The Argument Culture Summary and Response
Audience Analysis The audience I will try to reach are young people who have grown up in the information age. They will be approximately 18-35 years old. It doesn’t matter what their educational or ethnic background is. The audience are the ones who grew up in with the internet and media constantly in their face. I believe the targeted audience already knows a lot about confrontation because it’s everywhere on the internet and in the news. I don’t believe they know a lot about the other side or how to avoid confrontations. They just don’t have the experience. My relationship with this audience is minimal since I am of a different generation. I will try to open their minds to looking into another point of view. A point of view
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There’s also phones in today’s world. Today cell phones along with home phones. If a person has a problem with another person it’s easier to send a nasty e-mail then to be nasty and hateful in person. Today’s society distorts the facts. It does so by focusing on the more sensational story and not the real story. Also it wastes our time by focusing on issues that are made up and not rewarding the proper achievement. It also limits our thinking by using sensationalism to depict stories. This in turn shapes and clouds our way of thinking. Lastly, it encourages us to lie because society depicts winning at any cost the ultimate goal. We will do anything to achieve this. (pg. 478-479) Tannen suggests our overcoming our habit to seeing in absolutes. To do this, we need to have more dialogue which means have more than two people to discuss an issue. Discuss the issue from all sides and have greater than two people interpret the issue. I agree with Tannen’s view on the argument culture. Today’s world is a lot of sensationalism in the news, too much media interfering and skewing our thoughts and interpretations of things. We need to be more open minded as a culture to all views and not just one extreme vs. the other. We also need to go back to talking with one another face to face trying to work things out. An open mind leads to greater understanding and knowledge.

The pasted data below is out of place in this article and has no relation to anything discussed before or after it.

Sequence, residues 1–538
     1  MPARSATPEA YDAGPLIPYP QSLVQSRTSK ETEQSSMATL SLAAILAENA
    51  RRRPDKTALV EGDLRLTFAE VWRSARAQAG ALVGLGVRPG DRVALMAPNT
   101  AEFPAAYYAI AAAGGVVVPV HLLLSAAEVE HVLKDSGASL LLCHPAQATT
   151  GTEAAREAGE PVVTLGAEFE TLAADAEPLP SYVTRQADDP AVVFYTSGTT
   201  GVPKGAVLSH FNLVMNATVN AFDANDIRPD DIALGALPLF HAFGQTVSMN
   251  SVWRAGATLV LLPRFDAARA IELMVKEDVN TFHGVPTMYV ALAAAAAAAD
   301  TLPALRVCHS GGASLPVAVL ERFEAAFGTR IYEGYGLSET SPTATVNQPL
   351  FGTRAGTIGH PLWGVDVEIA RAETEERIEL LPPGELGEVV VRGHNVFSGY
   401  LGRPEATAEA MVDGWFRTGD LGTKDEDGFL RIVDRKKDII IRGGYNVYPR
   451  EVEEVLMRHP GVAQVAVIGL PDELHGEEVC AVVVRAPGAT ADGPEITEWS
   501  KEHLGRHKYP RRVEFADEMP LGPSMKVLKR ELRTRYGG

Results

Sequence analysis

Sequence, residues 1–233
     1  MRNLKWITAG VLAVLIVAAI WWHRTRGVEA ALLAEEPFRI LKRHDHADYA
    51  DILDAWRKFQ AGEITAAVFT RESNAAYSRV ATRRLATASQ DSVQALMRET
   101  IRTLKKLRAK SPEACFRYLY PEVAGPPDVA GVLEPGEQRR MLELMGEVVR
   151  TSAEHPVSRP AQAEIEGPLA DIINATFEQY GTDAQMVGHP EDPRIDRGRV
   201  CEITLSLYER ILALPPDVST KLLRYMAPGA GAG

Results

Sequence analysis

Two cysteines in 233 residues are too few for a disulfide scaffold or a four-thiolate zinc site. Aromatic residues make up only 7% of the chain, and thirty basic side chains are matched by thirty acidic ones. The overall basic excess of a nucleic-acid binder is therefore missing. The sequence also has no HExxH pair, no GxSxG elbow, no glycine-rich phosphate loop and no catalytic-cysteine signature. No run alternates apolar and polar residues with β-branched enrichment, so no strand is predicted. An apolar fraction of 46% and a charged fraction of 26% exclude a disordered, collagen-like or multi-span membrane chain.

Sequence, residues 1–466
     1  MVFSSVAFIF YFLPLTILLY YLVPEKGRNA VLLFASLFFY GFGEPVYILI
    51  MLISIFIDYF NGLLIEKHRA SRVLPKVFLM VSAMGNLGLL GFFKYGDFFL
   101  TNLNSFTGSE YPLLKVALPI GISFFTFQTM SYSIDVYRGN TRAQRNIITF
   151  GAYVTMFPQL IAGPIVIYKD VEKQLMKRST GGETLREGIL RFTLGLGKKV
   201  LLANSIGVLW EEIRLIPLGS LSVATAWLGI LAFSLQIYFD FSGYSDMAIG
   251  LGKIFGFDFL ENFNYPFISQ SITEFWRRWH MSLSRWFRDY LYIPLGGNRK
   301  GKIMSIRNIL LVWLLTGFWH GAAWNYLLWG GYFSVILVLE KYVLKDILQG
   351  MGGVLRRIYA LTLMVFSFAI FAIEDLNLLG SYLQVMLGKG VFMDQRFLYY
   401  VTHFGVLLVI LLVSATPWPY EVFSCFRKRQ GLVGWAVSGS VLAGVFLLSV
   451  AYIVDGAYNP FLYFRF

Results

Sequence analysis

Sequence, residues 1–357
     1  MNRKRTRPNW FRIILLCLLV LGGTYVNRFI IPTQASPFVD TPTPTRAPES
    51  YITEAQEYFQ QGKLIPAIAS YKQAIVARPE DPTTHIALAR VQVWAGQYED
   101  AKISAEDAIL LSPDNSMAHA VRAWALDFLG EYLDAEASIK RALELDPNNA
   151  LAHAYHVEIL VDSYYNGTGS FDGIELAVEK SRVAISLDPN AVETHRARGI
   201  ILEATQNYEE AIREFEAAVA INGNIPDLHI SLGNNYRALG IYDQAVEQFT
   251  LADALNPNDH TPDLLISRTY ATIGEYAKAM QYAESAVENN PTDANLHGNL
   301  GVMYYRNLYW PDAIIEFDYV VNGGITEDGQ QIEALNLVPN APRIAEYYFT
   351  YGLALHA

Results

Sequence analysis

Reid, Stephen. The Prentice Hall Guide for College